But Bedford, then a women's college, was not an easy place in which a social scientist might flourish and in the course of an internecine squabble over the allocation of a government grant—in which she was the principal victim— Wootton resigned and applied for a research fellowship with the Nuffield Foundation. The fruits of this fellowship were to be found in a major work, Social Science and Social Pathology (1959). Nine years earlier she had published Testament for Social Science: An Essay in the Application of Scientific Method to Human Problems, in which she set out her essentially positivistic belief that only through the application of scientific method could human problems in the area of economic and social planning have any serious hope of solution. It was an idealistic work that inspired many of the rising generation. The Social Foundations of Wage Policy appeared in 1955; it was a polemical analysis of the structure of wages and salaries in British society, and in a seminar she summarized it in the aphorism, "The more you earn the less hard you have to work to get it." It contained some strange echoes of her earlier work, Lament for Economics, which had appeared in 1938.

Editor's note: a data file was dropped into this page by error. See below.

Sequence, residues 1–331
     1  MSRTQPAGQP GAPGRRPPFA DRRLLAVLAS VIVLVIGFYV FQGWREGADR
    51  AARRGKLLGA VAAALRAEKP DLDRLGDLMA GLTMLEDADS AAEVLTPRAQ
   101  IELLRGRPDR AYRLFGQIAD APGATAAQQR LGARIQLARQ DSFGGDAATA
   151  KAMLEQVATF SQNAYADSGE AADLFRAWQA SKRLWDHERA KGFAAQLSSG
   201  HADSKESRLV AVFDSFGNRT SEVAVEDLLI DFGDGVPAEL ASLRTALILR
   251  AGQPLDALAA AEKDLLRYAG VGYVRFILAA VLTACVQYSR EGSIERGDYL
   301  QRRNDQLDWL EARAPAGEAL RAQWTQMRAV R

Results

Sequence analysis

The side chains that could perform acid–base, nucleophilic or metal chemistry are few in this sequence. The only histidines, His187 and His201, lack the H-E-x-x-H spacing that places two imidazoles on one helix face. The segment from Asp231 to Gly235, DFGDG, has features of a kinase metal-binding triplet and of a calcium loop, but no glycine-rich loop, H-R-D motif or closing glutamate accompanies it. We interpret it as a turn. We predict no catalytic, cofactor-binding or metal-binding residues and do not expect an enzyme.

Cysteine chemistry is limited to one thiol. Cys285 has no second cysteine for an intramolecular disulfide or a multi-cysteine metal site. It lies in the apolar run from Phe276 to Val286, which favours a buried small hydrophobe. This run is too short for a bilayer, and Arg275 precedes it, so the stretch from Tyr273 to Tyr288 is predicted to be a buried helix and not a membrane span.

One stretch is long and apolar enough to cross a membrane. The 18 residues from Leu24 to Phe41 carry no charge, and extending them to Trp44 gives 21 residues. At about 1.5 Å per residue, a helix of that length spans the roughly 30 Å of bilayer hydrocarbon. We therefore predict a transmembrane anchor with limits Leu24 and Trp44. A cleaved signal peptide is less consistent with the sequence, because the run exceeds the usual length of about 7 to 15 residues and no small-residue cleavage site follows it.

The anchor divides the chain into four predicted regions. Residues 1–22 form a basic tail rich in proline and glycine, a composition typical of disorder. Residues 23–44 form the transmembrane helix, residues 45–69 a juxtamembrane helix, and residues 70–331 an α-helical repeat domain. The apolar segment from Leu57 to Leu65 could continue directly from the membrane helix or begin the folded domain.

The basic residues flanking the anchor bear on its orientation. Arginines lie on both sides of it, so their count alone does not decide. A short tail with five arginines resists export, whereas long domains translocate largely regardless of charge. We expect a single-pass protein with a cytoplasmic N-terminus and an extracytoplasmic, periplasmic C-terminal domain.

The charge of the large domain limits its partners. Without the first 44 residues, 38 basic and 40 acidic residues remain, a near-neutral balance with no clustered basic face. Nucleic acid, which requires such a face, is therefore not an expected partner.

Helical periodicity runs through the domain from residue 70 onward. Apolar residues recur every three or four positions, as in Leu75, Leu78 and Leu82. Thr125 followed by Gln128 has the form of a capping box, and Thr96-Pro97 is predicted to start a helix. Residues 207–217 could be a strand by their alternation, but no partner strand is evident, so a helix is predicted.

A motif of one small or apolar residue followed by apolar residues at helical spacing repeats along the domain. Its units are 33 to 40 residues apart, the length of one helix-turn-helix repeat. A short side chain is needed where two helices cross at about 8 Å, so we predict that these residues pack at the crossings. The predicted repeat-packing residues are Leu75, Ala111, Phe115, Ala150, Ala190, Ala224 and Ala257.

Always a supporter of the Labour Party, she became one of the first of the new Life Peers in 1958 with the title of the Baroness Wootton of Abinger and was to become a deputy speaker in the House of Lords. Curiously, when the Wilson government was formed after the Labour election victory of 1964 she was never given any office but continued to serve as a member of the Advisory Council on the Penal System, chairing notable subcommittees on the subjects of noncustodial penalties (subsequently incorporated into legislation) and on cannabis (whose recommendations were rejected by government).
Wootton performed many other public services. She was a magistrate and specialized in the juvenile courts, a member of the University Grants Committee, a governor of the BBC, and the first chairman of the Countryside Commission. She was made a companion of honour in 1977. Her record of public work alone was a formidable achievement, but in addition she was able to produce a continuous stream of books and pamphlets in which her scholarship as a social scientist was blended with a strong political commitment to liberty and a social justice predicated upon the notion of equality. Among sociologists she left little if any mark, but among the analysts of social policy, not least in the criminal justice field, her influence was considerable if not always immediately apparent.
Probably the most useful introduction to Wootton and her work is to be found in Philip Bean and David Whynes, editors, Barbara Wootton: Social Science and Public Policy (1968). Wootton's work, which addresses issues in social economics, planning, and criminal justice policy, is representative of the British tradition of social democratic thought in the period 1935 to 1970. Her autobiographical writing is a useful source of information for the period 1920-1970 in which she was active in academic and public life.